The last step

April 7, 2013 § 5 Comments

As a friend of mine from Texas told me many years ago, “It’s not the flop on the bed, it’s the walk up the stairs.”

How right he was, and now that it’s the morning of the day, all that’s left is anticipation. What a delicious sensation is anticipation, mixed as it is with hope and fear, confidence and anxiety.

Anticipation has been raging through me nonstop since last night. It was the difficulty in falling asleep.

It was the reverse trickle of mole, ice cream, and birthday cake that gurgled up to greet me with a little “Hello, friend” as I lay in bed.

It was waking up at one o’clock…”Did I miss my alarm?”

It was waking up at two o’clock…”Is it four o’clock yet?”

It was waking up at three o’clock…”Just one more hour.”

It was getting up at 3:30 and abandoning all pretense that those final thirty minutes would be spent any way other than with eyes wide awake. “What the hell. Might as well shave my legs.”

The anticipation comes from the expectation. The expectation comes from the telling and re-telling of what lies ahead. The telling and re-telling comes from the training, the practicing, and the miles we’ve all invested to be “ready” for today, whether”ready” means to conquer, to be honorably acquitted, or just to drag yourself in tatters across the finish line.

Each little checkpoint has bolstered or weakened our confidence. Weight going up? Bad. Legs feeling awesome and light? Good. Bike looking sparkly and clean? Good. Last minute equipment change making you feel funny on the bike? Bad. Images of finishing strong? Good. Images of horrible dirt catastrophes? Bad.

Some have been prattling on about “the hay being in the barn.” Perhaps it is. But now the well-fed stallion is being led out by the reins, snorting and stamping and raring to run, or the undernourished nag is resisting with every step, neighing in terror, and dreading what lies ahead.

In a handful of minutes you will sign-in your name, pin on your number, scarf down your waffle, throw a leg over, and flop on the bed.

I hope it’s good for you, because the walk up the stairs has been all I could have ever wanted in a lover, and so much more.


April 6, 2013 § 7 Comments

  1. Bicycle; Giant TCX. Thank you, SPY-Giant-RIDE.
  2. New tires; Hutchinson Intensive @ 90 psi. Thank you, Rahsaan Bahati.
  3. New Squadra bicycle rider outfit.
  4. New Giro helmet. Okay, it was new last year.
  5. Wheels; Mavic Open Pro, 32-hole aluminum box rim clinchers. Brand new 25,000 miles ago.
  6. Gears; Shimano 105, 11-12-13-14-15-16-17-19-21-23-25.
  7. Chain rings; SRAM 36-46.
  8. Shoes; Sidi Genius Carbon 5.5. Very old but still the most comfortable shoe I’ve ever worn.
  9. One water bottle.
  10. 12 Medjool dates.
  11. iPhone with Strava app.
  12. $25 for gasoline.
  13. Jeans, t-shirt, shoes, socks, underwear for post-ride.
  14. Suitcase; for courage.
  15. SPY Quanta Rx sunglasses; for screening out the awfulness.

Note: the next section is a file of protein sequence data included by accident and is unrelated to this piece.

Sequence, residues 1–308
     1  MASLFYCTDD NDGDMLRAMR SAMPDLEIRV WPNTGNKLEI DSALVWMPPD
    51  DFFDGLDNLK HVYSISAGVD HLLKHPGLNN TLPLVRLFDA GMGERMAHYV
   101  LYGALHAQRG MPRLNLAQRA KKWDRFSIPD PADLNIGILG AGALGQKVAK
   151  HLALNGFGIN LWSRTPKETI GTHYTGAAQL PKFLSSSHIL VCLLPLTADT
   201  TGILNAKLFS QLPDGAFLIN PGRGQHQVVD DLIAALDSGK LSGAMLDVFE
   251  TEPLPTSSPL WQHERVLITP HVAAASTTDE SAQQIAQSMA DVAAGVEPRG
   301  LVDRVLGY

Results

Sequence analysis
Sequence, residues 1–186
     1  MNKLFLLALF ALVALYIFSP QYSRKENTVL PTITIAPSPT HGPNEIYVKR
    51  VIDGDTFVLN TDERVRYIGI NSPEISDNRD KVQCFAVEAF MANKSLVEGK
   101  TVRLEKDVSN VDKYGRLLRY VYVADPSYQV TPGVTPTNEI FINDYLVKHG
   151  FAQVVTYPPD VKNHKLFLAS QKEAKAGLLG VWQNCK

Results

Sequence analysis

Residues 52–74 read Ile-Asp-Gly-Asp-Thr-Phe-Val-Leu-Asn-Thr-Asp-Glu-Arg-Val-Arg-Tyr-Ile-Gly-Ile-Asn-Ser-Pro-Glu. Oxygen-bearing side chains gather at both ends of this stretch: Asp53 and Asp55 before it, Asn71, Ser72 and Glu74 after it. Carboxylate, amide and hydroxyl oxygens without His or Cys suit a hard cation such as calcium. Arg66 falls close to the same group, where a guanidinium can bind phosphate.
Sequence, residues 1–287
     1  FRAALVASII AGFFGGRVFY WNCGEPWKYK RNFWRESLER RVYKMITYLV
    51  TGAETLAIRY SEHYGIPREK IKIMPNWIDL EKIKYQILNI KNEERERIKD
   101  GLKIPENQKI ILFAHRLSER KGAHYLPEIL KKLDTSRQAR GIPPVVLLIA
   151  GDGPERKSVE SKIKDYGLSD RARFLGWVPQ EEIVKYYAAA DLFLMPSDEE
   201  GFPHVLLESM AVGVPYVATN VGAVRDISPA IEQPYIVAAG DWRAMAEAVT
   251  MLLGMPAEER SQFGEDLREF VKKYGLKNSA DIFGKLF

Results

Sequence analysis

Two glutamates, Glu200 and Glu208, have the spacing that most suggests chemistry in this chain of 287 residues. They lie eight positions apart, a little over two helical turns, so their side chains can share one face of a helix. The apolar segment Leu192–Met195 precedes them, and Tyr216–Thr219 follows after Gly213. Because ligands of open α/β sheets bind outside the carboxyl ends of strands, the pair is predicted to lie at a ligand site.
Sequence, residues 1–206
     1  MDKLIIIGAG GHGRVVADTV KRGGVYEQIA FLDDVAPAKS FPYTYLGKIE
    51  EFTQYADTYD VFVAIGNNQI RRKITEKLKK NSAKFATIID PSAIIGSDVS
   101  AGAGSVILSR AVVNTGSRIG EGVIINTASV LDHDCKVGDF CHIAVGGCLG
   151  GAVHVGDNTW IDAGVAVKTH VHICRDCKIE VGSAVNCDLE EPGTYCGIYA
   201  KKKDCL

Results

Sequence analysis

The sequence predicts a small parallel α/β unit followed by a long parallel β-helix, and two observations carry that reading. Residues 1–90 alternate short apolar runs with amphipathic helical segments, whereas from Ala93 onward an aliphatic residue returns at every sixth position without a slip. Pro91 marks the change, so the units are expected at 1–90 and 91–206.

16. SPY Braden Rx horn-rimmed spectacles; for apres-beatdown lounging.
  17. Sunscreen.
  18. Wallet.
  19. Five extra pounds, just in case.
  20. Six-pack of Optimistic Expectation.
  21. 32-gallon drum of Dismal Reality.
  22. Pedals; for dancing on.
  23. Teeth; for gritting.
  24. Vocal cords; for groaning.
  25. Lungs; for bursting.
  26. 130+ miles; for hurting.
  27. 11,000+ feet of elevation; for bragging.
  28. Mind; for the centrally focused beam of nirvana that, beginning here, will spread to every cell in my body at the end of the day.

*No baby seals were clubbed in the making of this checklist.

** But they will be tomorrow.

***Total elapsed time for composition, proofing, and hitting the “Send” button: 19 minutes and 40 seconds.

The silent streets

April 5, 2013 § 23 Comments

Due to the morning time hustle I occasionally drop down Hawthorne and continue straight on into the heart of the city. It’s a solid little 3.5 hour ride, usually cold, always quiet, never any traffic, and the monstrous Los Angeles thoroughfares are devoid of anything except my narrow wheels and the little beam of headlight that only occasionally serves its purpose of lighting the road ahead. Big sodium streetlights, the glare from early-hour fast food joints, and the shimmering illumination from this endless city transform pitch black night into a living, breathing, not-pitch-black-at-all bikescape.

The only real company are the buses, and that’s if you don’t get on the road until 4:45 before taking the long cold drop down the Hill. Even holding the Hawthorne descent down to 35 mph by sitting up erect to catch as much wind as possible, all it would take is a skunk ambling home after a night afield, or a chubby raccoon hustling across the lane before daybreak brings the raccoon’s nighttime to turn my morning ride into an ambulance ride. As the first glimmers of dawn turn the PV roads into death alleys for small creatures, I hope each time that I’m not the small creature…exhilaration always comes with a pricetag of fear.